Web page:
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Korean drugmakers’ Q1 earnings rose despite Covid-19
  • By Jeong Sae-im
  • Published 2020.05.01 14:45
  • Updated 2020.05.01 14:45
  • comments 0

Leading domestic pharmaceutical companies recorded robust earnings in the first quarter despite the new coronavirus outbreak, industry data showed.

According to each company’s public disclosure as of Thursday, GC Pharma, Hanmi Pharmaceutical, Chong Kun Dang, and Dong-A ST achieved improved earnings in the first three months, compared to a year earlier.

However, Yuhan Corp. suffered a decline due to reduced sales of prescription drugs and shipments.

GC Pharma’s first-quarter revenue went up 8.6 percent to 307.8 billion won ($252.4 million), and operating profit jumped 283.9 percent to 6.1 billion won, according to the company’s consolidated financial statement.

The company attributed the robust sales growth to a 22.9 percent year-on-year increase in exports of chickenpox vaccines and flu vaccines. Expansion of exports pushed up commissions and advertising expenses, but profitability improved significantly.

In the domestic sector, the company’s consumer healthcare (CHC) pulled off a 64 percent rise in sales.

GC Pharma recorded 3.9 billion net loss, turning to red from black compared to a year earlier. However, the company could reduce the loss from 23.9 billion won loss in the fourth quarter last year, by excluding the loss-making blood bag business from the financial statement.

Hanmi Pharmaceutical’s consolidated first-quarter sales climbed 4.9 percent on-year to 288.2 billion won, and operating profit, 10.8 percent to 28.7 billion won. Although its subsidiary in Beijing had a 6.5 percent drop in sales due to difficulty in marketing in China amid the Covid-19 outbreak, the company was able to expand the total sales.

According to UBIST data, Hanmi’s leading prescription drugs, including Amorsartan family drugs, Rosuzet, and Esomezol achieved two-digit sales growth.

However, the company’s net profit went down by 33.4 percent to 11.5 billion won in the first quarter from 17.3 billion won a year earlier. The decline resulted from a cut in the company’s stake evaluation in a firm Hanmi had invested.

Chong Kun Dang posted an earnings surprise on Wednesday, with sales increasing 25.2 percent on-year to 292.8 billion won and operating profit, 56.2 percent to 26.1 billion won.

The Covid-19 crisis somewhat helped the company sell long-term medicines for chronic diseases and cut marketing expenses amid reduced in-person sales activities. About 50 percent of Chong Kun Dang sales come from drugs for chronic diseases.

The company’s solid earnings also resulted from co-promotion activities for other companies’ popular medicines. Chong Kun Dang promotes obesity treatment Qsymia and stomach medicine K-Cab. In just two months after the market release in January, Qsymia ranked fourth in prescription drug sales in Korea. K-Cab, which sold about 30 billion won in the first year of the release, also enjoyed a rise in prescriptions. K-Cab sold 14.5 billion won in the first quarter.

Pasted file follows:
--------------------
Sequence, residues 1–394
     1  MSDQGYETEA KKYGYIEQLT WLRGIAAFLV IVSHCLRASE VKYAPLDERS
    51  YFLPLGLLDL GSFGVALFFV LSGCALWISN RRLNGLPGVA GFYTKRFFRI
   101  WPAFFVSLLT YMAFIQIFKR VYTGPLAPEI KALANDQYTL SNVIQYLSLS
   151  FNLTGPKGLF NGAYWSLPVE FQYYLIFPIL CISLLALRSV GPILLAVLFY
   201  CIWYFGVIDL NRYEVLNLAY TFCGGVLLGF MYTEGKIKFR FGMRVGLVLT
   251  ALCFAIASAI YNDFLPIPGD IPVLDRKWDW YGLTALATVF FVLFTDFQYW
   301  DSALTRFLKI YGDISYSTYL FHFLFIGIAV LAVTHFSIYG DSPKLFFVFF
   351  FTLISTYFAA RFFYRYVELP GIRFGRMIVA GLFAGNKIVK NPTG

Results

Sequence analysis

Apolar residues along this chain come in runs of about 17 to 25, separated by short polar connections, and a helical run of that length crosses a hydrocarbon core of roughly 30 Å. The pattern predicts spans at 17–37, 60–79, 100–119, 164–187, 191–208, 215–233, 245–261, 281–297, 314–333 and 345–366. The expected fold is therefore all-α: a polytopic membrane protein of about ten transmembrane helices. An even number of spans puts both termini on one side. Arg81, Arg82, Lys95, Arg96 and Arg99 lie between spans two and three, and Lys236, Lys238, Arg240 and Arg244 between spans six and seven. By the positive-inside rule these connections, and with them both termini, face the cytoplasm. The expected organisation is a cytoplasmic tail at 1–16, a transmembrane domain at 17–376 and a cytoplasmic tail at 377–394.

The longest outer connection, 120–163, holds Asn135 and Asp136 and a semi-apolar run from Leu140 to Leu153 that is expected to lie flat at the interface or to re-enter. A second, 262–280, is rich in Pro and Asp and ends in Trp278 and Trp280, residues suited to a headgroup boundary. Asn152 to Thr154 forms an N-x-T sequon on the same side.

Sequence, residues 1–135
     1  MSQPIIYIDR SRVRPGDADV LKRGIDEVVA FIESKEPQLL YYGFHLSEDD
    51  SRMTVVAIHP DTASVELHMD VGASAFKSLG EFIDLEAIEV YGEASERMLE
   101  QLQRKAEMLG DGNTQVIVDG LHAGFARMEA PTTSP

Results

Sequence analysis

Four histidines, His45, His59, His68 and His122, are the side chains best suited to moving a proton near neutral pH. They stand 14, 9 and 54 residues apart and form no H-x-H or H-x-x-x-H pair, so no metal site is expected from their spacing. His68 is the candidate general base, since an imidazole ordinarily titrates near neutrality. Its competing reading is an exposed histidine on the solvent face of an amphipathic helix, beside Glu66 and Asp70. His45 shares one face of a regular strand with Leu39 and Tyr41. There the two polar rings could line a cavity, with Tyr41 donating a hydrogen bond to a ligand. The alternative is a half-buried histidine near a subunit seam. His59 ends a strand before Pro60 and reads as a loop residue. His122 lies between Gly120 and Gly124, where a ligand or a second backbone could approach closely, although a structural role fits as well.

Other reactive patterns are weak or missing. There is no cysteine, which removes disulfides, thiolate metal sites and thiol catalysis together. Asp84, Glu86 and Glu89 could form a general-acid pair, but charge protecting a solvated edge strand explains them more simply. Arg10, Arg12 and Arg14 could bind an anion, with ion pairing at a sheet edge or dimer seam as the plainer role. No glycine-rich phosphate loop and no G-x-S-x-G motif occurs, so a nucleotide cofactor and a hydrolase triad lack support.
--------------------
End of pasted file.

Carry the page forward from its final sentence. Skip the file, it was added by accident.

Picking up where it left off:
Dong-A ST’s sales went up 41.1 percent on-year to 201.2 billion won in the first quarter, as some rival drugs faced the regulator’s sales suspension. Operating profit jumped 158.5 percent to 53 billion won, and net profit, 109.6 percent to 46.8 billion won.

Despite the Covid-19 pandemic, the company’s overseas revenue also increased. The company’s primary products, except for human growth hormone Growthtropin, had an expansion in exports. Sales of energy drink Bacchus, which sells more overseas than in the domestic market, rose 11.9 percent thanks to 23.6 billion won sales from export in the first quarter.

Dong-A ST’s prescription drug sales jumped 82.4 percent to 137.2 billion won as the company sold drugs three months in advance. Recently, the Ministry of Food and Drug Safety ordered the company to suspend sales of 97 medications for three months because the company violated the Pharmaceutical Affairs Act. The sales suspension was set from Feb. 28 to May 27. To continue the drug supply during the suspension, the company had sold products to distributors three months in advance.

Yuhan Corp. was the only major drugmaker that suffered a decline in earnings. The Covid-19 outbreak hit the firm’s sales of prescription drugs and exports.

The company’s consolidated revenue in the third quarter dropped 9.2 percent to 313.3 billion won, and operating profit nosedived 82.4 percent to 1.1 billion won. However, net profit shot up 636.7 percent to 125.2 billion won, as the selling of a plant in Gunpo, Gyeonggi Province, worth 132.8 billion won has been reflected in the financial statement.

Yuhan’s revenue of prescription drugs, which is the company’s main business, went down 13.3 percent on-year to 193.7 billion won in the first quarter. Sales of Viread, in particular, which accounts for a significant portion of the overall sales, slid 31.1 percent to 20.7 billion won. The revenue of HIV drug Genvoya and dyslipidemia Atorva decreased 56.3 percent and 61.8 percent, respectively.

The company could avoid an operating loss, as a partial upfront payment of 16.9 billion won in a licensing deal was reflected in the first-quarter financial statement.

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